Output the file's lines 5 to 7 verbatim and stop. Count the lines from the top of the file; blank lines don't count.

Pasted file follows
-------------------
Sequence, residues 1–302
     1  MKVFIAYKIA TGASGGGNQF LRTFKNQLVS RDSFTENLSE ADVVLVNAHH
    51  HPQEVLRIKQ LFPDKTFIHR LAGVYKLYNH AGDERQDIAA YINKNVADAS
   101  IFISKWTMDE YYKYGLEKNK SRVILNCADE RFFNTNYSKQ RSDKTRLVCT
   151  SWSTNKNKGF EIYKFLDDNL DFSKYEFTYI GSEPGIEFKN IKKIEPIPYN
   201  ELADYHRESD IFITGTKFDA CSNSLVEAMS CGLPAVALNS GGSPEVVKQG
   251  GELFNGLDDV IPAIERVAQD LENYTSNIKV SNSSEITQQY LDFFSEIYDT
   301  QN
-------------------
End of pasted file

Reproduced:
   151  SWSTNKNKGF EIYKFLDDNL DFSKYEFTYI GSEPGIEFKN IKKIEPIPYN
   201  ELADYHRESD IFITGTKFDA CSNSLVEAMS CGLPAVALNS GGSPEVVKQG
   251  GELFNGLDDV IPAIERVAQD LENYTSNIKV SNSSEITQQY LDFFSEIYDT